Southeast Asia

Monomyth: Hero's Journey Project

Joseph Campbell's Monomyth, developed in Hero With A Thousand Faces, describes the common heroic narrative in which a heroic protagonist sets out, has transformative adventures, and returns home. It is a useful formula for comparing literary traditions across time and culture.

Here, ORIAS provides resources to explore and compare three different works through the lens of the Monomyth: Mali's Sunjata, South Asia's Ramayana, and Japan's Yamato.

The Global Rise of National Populism

Summer Institute for Community College Instructors

May 31 - June 1, 2019

Body & Identity

Summer Institute for k-12 Teachers

June 26 - 28, 2019

California's 2011 FAIR Education Act changed the state's education code to include the Fair, Accurate, Inclusive, and Respectful portrayal of the contributions and experiences of people with disabilities and people in the LGBT community in California and United States history and social studies courses. The 2019 ORIAS Summer Institute for k-12 teachers seeks to provide a global context within which to consider these topics.

Migration & Diaspora

Summer Institute for Community College Teachers

May 31 - June 2, 2018

Ramayana Resources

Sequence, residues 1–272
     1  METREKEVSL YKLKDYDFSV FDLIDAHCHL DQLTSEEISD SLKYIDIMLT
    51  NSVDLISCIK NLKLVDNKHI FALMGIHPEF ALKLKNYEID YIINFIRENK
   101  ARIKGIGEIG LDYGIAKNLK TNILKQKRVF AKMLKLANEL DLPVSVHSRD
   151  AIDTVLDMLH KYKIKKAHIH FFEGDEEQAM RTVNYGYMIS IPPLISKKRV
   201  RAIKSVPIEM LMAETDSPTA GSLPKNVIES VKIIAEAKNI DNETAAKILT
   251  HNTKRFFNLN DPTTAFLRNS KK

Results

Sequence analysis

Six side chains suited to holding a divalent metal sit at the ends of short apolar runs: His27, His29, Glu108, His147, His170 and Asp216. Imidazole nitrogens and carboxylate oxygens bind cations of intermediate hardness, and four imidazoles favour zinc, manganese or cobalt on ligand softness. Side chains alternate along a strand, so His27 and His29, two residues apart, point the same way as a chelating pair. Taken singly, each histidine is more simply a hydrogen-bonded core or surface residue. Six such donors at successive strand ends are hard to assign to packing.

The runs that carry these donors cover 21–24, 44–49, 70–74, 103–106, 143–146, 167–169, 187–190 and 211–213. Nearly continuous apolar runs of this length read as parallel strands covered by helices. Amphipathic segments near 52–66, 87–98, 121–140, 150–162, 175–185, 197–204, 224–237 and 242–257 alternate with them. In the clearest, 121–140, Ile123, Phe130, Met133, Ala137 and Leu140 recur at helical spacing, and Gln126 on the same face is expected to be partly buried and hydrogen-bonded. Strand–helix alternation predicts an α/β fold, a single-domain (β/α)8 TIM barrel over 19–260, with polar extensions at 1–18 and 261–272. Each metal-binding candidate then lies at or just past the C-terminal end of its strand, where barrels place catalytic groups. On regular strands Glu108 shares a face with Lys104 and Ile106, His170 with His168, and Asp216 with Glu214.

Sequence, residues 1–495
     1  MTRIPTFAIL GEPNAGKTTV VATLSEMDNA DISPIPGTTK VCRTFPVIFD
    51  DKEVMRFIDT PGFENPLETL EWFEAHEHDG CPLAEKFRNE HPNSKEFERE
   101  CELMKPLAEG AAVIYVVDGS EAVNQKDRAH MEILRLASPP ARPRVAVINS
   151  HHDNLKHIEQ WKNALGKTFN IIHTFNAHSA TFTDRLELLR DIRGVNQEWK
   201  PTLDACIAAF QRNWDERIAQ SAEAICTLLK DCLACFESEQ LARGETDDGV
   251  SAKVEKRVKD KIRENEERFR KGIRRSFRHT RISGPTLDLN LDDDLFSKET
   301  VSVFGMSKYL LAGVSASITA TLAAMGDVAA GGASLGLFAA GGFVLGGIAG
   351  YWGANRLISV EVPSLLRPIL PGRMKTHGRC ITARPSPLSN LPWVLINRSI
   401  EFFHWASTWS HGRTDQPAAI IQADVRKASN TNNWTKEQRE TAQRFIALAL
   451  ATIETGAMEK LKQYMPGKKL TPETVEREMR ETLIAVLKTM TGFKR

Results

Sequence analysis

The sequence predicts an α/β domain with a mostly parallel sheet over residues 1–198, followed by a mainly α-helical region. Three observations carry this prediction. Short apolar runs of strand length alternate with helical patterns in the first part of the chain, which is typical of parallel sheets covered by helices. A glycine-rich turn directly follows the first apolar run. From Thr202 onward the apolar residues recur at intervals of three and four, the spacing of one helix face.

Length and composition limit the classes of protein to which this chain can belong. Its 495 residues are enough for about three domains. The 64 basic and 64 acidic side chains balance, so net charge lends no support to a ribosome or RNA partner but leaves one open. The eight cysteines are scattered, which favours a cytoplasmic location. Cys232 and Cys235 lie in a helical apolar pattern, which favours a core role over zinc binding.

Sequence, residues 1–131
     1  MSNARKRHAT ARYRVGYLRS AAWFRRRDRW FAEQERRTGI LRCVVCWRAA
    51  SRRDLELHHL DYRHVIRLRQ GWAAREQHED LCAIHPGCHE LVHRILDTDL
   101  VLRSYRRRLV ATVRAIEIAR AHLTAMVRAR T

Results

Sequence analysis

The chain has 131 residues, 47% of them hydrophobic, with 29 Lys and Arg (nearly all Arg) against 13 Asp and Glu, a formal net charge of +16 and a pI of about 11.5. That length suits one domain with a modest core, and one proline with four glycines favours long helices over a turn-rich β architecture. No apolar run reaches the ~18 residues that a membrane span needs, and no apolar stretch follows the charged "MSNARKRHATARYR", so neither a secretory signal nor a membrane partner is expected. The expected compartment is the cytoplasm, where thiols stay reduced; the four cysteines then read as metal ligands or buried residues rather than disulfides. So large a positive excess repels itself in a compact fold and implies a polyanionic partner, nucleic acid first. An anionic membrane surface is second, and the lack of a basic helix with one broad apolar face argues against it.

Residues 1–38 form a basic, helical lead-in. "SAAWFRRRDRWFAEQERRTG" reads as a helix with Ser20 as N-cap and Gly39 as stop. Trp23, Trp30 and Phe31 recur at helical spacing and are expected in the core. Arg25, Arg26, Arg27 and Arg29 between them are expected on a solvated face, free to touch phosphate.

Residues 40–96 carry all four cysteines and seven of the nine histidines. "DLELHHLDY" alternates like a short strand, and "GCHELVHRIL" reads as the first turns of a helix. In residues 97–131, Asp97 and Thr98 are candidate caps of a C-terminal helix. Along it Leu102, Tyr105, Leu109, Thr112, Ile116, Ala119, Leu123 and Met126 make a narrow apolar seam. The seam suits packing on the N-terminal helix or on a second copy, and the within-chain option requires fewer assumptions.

Scene from the epic Ramayana: Kumbhakarna battles the monkeys, 1100-1200 CE, former kingdom of Angkor

Read summaries of the narrative, including one illustrated with art from different regions. See a beautiful digitized version of the tale. Watch a controversial modern film based on the epic.

The View from the Sea: Oceans in World History

Summer Institute for k-12 Educators

June 26 – 28, 2017

World History courses often begin with a survey of river-basin societies, exploring the connection between agricultural surplus, irrigation projects, and centralizing power. Oceans and seas are conceived of as places in between - natural regional boundaries traversed only by merchants and military forces.

But what are the contours of a different World History – one with a view from the sea?

Women in World History

How would your curriculum change if your default historical subjects were women, rather than men?

How would you assess the importance of the agricultural revolution or Athenian democracy? Would property rights and marriage laws edge out professional status and voting rights in classroom discussions about power? How would you construct narratives of long-distance trade, imperial conquest, and industrialization? Do you imagine the core periodization and themes underlying your course would be altered?

Environmental History

Summer Institute for Community College Educators

June 2 - 3, 2017

Pop Culture in World History: Additional Resources

Pop Culture

Books:

Popular Culture, Geopolitics, & Identity, by Jason Dittmer – clear, concise summary of theoretical background for pop culture analysis, plus five very helpful case studies. Downside: contains very little about social media.